Land limits dominate new Port budget


News staff writer

May 13, 2006

The Port of Hood River has sold its five-year supply of developable land in one year. That was part of the message commissioners and budget committee members heard Tuesday night during a meeting of the proposed 2006-07 budget.

Except for a few minor tweaks, the $354,552 budget was approved and moves next in the process to a public budget hearing. That will be held at 5:30 p.m. June 6 at the Expo Center in Hood River.

Port Commissioner President Sherry Bohn read a summary of 2005-06 budget activities. A single item with a large impact on the outline for the 2006-07 budget was the sale of all of the port’s ready-to-develop property.

The port anticipated it had a five-year supply of what Bohn referred to as “shovel-ready” property within the Wasco Business Park. However, all of that land sold within one year instead of five. Due to this, the port put an emphasis in the capital portion of their 2006-07 proposed budget to acquire both under-utilized light industrial property as well as vacant property.

There were five parcels in the Wasco Business Park with one lot pending sale and one retained by the port for the offices. The other lots sold to Columbia Area Transit, Russ Hoag of Cloud Cap Technology, and Dean Cameron.

The port also sold three lots at John Weber Business Park in Odell with an additional lot having an offer made on it. That leaves one parcel, a difficult piece to develop, left for the port to sell.

Among other projects completed under their 2005-06 budget were the transfer of 6.4 acres of waterfront property to the city of Hood River for use as a park, completion of the Second Street alignment, and a marketing analysis for light industrial development.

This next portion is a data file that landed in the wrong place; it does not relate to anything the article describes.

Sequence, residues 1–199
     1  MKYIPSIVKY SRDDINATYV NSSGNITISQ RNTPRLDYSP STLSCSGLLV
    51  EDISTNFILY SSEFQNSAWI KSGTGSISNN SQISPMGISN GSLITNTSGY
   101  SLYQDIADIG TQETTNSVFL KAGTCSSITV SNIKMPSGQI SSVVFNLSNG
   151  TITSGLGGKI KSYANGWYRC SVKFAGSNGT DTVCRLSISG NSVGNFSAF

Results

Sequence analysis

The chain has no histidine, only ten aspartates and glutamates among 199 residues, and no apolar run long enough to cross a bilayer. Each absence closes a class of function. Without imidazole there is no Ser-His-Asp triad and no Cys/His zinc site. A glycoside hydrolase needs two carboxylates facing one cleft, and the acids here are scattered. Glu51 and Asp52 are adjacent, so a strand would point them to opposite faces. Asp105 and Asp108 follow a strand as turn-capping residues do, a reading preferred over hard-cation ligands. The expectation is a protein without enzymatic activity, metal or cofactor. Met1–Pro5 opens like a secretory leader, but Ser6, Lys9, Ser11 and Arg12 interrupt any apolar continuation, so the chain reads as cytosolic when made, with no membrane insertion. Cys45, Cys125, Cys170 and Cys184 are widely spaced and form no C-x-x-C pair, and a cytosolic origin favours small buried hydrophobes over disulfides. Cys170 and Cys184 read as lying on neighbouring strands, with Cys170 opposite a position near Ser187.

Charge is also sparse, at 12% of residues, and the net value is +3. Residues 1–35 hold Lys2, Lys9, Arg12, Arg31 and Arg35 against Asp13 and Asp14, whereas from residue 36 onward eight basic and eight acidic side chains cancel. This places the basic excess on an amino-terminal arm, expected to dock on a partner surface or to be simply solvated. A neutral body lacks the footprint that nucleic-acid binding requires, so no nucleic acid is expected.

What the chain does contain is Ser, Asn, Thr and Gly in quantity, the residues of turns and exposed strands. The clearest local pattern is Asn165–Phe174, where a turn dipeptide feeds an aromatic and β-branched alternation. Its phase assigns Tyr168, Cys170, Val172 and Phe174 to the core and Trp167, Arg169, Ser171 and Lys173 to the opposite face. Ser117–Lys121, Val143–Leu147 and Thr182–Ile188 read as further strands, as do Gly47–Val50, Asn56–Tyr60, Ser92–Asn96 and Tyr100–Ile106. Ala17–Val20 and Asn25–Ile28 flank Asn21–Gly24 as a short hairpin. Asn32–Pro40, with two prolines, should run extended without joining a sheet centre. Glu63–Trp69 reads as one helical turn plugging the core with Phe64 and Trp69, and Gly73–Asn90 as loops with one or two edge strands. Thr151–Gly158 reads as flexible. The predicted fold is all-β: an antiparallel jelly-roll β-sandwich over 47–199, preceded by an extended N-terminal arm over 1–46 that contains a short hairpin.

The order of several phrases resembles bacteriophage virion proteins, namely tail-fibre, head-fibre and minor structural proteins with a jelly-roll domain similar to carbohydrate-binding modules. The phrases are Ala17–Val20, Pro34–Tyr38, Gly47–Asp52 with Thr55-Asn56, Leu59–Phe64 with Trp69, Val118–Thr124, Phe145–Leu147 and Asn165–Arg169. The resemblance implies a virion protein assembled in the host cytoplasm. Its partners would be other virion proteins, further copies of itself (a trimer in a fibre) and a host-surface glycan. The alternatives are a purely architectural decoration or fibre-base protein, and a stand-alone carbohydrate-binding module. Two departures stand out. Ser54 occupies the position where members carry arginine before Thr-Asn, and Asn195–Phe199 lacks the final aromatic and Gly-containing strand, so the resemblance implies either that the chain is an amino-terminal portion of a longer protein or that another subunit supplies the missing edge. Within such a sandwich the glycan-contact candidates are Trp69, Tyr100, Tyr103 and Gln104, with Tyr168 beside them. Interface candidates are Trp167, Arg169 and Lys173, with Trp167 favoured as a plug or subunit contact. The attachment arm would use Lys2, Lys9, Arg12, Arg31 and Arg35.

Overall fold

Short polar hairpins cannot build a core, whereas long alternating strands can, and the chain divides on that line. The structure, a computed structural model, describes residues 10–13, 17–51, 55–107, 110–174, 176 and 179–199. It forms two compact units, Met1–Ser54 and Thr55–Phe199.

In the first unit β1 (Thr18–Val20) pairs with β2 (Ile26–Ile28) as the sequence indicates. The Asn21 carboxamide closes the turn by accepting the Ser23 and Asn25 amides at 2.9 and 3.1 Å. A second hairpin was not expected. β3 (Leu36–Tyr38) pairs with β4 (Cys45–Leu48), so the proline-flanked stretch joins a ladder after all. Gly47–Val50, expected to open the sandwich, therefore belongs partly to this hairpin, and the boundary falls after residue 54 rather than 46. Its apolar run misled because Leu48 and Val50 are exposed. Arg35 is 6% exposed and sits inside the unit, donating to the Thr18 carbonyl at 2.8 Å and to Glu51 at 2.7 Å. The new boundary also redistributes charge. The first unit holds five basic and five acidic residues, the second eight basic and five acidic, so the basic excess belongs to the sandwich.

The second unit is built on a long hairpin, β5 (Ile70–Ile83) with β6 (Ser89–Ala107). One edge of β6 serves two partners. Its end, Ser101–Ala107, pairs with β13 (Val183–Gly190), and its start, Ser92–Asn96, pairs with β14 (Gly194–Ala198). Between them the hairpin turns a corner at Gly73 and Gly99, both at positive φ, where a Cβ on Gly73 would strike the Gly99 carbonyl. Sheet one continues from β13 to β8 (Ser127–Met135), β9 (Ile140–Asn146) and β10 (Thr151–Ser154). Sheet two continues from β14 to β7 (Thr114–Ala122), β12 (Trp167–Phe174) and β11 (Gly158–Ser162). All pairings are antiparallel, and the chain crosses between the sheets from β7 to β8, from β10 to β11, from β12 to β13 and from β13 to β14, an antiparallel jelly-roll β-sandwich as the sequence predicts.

Under the 2006-07 budget, the most significant project is the Toll Plaza Improvement Project. Port Budget Officer Linda Shames said the electronic toll booth would combine with the Oregon Department of Transportation’s improvement of the Exit 64 interchange to help with traffic congestion over the bridge.

“If you have ever been here in the summertime and seen how traffic backs up, that is what it will help with,” she said. “We should be able to at least double the rate at which people can go through the toll plaza.”

Funding for this project is included in the Hood River Coalition priorities for federal funding. If those funds are not available, then the toll plaza improvement project may be split into two phases for multiple year construction.

Also during 2006-07, the port plans to construct a new light industrial building on the waterfront and the potential acquisition of other light industrial property. This development could extend past the budget year but the money has been earmarked for the projects in this budget year.

Money has also been allotted for developing the waterfront pedestrian trail system and a federally funded study of the feasibility of a bridge across Hood River to connect waterfront properties without using the interstate highway.

The port also plans to redevelop the Marina Center building into the port office. This move will consolidate port operations and allow redevelopment of the Port office area into a higher class of commercial space.

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